Lessons Learned by Consumers, Financial Sector Firms, and Government Agencies During the Recent Rise of Phishing Attacks

Prepared by The Financial and Banking Information Infrastructure Committee (FBIIC) And the Financial Services Sector Coordinating Council (FSSCC) May 2005 Introduction Increasingly, Americans are receiving fraudulent e-mails that direct recipients to websites where they are asked to provide confidential personal and financial information. These e-mails may vary significantly in how they request information. Some claim that the individual’s personal information is necessary to assist in the fight against terrorism or for some other alleged legal purpose. Other e-mails purport to be from government agencies or private sector entities, such as banks, Internet auction sites, or electronic payment services. In these fraudulent schemes, commonly known as “phishing”, the perpetrator sends an e-mail to consumers, falsely claiming to be from a legitimate company, in hopes of luring consumers to a “spoofed” website. The spoofed website mimics the legitimate website for the sole purpose of stealing the consumer’s personal information. At the typical spoofed website, consumers are asked to update sensitive personal information, such as names, account and credit card numbers, passwords, Social Security numbers and other information. In addition to phishing, another electronic scam has emerged, known as “pharming”, in which an Internet user is redirected to a criminal's spoofed site even though the user entered a valid URL in the browser's address bar. This redirection usually involves worms and Trojans that attack the browser address bar and exploit vulnerabilities in operating systems and the Domain Name Servers (DNS) of compromised computers. Each month, these criminals are increasing their phishing activities dramatically. One organization devoted to fighting this type of fraud identified 13,141 unique phishing incidents in February 2005. The organization also reports that the financial services industry is the most commonly spoofed industry.1 Each phishing attempt can result in thousands of consumers receiving fraudulent e-mail. Although the number of consumers that reveal their personal information is very small, even a low “success” rate is sufficient to encourage more phishing. This document describes a few lessons learned by consumers, financial sector firms, and government agencies as they have responded to the recent wave of phishing activities. Please note that due to the evolving nature and growing sophistication of Internet and electronic scams, these lessons are not all inclusive and cannot guarantee security and protection from these frauds.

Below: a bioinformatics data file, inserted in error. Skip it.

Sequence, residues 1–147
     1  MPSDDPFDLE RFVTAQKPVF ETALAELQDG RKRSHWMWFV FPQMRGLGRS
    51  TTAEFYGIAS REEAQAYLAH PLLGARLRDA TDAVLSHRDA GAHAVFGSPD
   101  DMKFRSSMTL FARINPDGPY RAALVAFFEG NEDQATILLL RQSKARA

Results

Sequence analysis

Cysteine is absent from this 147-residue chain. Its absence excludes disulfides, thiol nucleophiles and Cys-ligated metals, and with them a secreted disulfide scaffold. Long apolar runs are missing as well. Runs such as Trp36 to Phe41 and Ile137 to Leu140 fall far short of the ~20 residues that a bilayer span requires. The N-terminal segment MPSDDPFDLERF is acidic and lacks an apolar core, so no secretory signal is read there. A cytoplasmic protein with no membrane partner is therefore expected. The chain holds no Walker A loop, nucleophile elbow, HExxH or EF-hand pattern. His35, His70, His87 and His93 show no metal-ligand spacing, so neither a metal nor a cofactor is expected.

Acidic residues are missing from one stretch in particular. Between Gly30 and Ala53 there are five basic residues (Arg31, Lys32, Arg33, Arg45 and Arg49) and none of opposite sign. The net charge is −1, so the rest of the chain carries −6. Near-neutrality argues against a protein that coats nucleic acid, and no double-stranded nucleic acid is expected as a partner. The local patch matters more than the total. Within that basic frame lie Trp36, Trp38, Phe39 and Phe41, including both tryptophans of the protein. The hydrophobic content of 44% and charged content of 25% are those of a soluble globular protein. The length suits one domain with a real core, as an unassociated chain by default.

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Anti-Phishing Working Group, Phishing Activity Trends Report, February 2005.

The Phished: Lessons Learned by Consumers
Many consumers have successfully prevented, detected, and responded to phishing attacks by following these precautions and practices: Measures to Prevent Falling Victim to Phishing: 1. Do not reply to or click on a web link in an e-mail that asks for any personal information unless you have initiated contact with the merchant. Be especially cautious about “urgent” emails warning you that your account will be closed unless you confirm your sensitive information. The government and many financial institutions have a policy of not soliciting a consumer’s sensitive information through e-mail. Instead, telephone the company cited in the e-mail using an authenticated number or other form of communication that you are sure is genuine. One possible source of an authenticated number is your previous month’s statement from that company. 2. Before submitting financial information through a website, look for the locked padlock or other security indicator on the browser’s status bar or look for “https://” at the beginning of the web address in the browser’s address window. The presence of a padlock or similar indicator and the https:// does not guarantee that the website is legitimate or secure. However, the absence of either the padlock or the https:// does indicate that the website is not secure and that it may not be legitimate. 3. Apply the latest patch for your web browser and operating system software, making sure the patch is legitimate. Review and turn on the appropriate security features in your browser software. If you use a Microsoft operating system, you may wish to turn on the automatic update setting to receive the latest patches as they are released. 4. Install and periodically update your firewall, as well as anti-virus, anti-Spyware, and anti-spam software. Ensure the software is current and operational. If you have children in the house, consider enabling the available parental controls. Measures to Detect Phishing Attacks or Fraudulent Activity: 1. Review credit card and financial institution account statements for any unauthorized charges as soon as you receive them. 2. If your statement is more than a couple days late, call the institution to confirm your billing address, account balances, and whether they have mailed your statement.